Data Lake vs Data Warehouse - 5 Key Differences Between Both
A data lake is not a direct replacement for a data warehouse; they are supplemental technologies that serve different use cases with some overlap. Most organizations that have a data lake will also have a data warehouse. The following section will compare the properties of a data lake in comparison to a traditional BI architecture (data warehouse & separate ETL server).
1. Data in Data Lakes is stored in its native format
Data can be loaded faster and accessed quicker since it does not need to go through an initial transformation process. For traditional relational databases, data would need to be processed and manipulated before being stored.
2. Data in Data Lakes can be accessed flexibly
Data scientists, engineers, and analysts can access data much quicker than would be possible in a traditional BI architecture. Data Lakes increase agility and provide more opportunities for data exploration and proof of concept activities, as well as self-service business intelligence, within your privacy and security settings.
3. Data Lakes Provide Schema-on-Read Access
Traditional data warehouses employ Schema-on-Write. This requires an upfront data modeling exercise to define the schema for the data. All data requirements, from all data users, need to be known upfront to ensure the models and schemas produce usable data for all parties. As you unearth new requirements, you may have to redefine your models.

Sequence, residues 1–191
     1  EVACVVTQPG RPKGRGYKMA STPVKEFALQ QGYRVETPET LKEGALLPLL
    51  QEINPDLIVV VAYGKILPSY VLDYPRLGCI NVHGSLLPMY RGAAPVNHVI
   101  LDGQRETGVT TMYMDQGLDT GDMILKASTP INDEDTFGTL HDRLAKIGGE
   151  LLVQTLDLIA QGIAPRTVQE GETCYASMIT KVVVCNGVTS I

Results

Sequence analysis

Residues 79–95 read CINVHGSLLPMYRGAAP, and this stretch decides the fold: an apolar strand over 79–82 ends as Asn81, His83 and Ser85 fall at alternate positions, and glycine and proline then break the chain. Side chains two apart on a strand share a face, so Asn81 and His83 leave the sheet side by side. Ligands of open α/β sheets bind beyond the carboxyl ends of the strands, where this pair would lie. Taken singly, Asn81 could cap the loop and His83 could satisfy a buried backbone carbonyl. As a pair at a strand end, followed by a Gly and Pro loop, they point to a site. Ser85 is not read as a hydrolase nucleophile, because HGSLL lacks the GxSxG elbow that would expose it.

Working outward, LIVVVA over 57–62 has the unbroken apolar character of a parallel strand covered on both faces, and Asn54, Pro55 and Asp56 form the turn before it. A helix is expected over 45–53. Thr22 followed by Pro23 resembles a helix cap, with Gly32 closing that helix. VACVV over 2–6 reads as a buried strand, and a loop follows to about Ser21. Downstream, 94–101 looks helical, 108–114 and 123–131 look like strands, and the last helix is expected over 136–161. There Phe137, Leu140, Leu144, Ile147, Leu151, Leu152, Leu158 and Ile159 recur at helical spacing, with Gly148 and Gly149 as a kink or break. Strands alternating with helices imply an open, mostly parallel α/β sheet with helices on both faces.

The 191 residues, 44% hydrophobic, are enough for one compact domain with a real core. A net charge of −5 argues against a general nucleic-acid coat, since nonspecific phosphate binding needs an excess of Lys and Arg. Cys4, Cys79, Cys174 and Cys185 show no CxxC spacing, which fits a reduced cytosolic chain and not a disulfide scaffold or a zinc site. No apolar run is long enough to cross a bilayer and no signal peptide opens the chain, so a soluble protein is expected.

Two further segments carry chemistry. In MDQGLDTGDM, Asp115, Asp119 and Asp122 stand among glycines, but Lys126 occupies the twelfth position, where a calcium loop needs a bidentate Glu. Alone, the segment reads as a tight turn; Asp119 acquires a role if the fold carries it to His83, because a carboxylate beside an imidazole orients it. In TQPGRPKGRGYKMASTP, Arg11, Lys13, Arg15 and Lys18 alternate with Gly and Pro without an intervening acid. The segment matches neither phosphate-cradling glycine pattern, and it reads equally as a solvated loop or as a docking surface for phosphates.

Schema-on-Read, conversely, allows the schema to be developed and tailored on a case-by-case basis. The schema is developed and projected on the data sets required for a particular use case. Once the schema has been developed, it can be kept for future use or discarded when no longer needed.
4. Data Lakes Provide Decoupled Storage and Compute
When you separate storage from compute you better optimize your costs by tailoring your storage requirements to the access frequency. The separation allows your business to archive raw data on less expensive tiers while allowing faster access to transformed, analytics-ready data. Being able to run experiments and exploratory analysis with new technologies is much easier thanks to such data preparation. Traditional data warehouses and ETL servers have tightly coupled storage and compute, meaning if I need to increase storage capacity we also need to expand compute and visa-versa.
|Data Lake||Traditional On-Premises Data Warehouse|
|Data stored in native format||Data requires transformation|
|Can store unlimited data forever||Expensive to store large volumes|
|Decoupled storage & compute||Tightly coupled storage & compute|
5. Data Lakes Go With Cloud Data Warehouses
While data lakes and data warehouses are both contributors to the same strategy, data lakes go better with cloud data warehouses. ESG research shows roughly 35-45% of organizations are actively considering cloud for functions like Hadoop, Spark, databases, data warehouses, and analytics applications, and this is a trend that is increasing due to the benefits of cloud computing such as massive economies of scale, reliability and redundancy, security best practices and easy to use managed services. Cloud Data Warehouses combine these benefits with traditional data warehouse functionality to deliver increased performance & capacity and to reduce the administrative burden of maintenance.
The comparison table outlines where best to store your various data sources.
To learn more about data lakes and how to optimize your data analytics, download our eBook ‘The Essential Guide to Data Lakes: Designing Data Lakes to Optimize Analytics‘.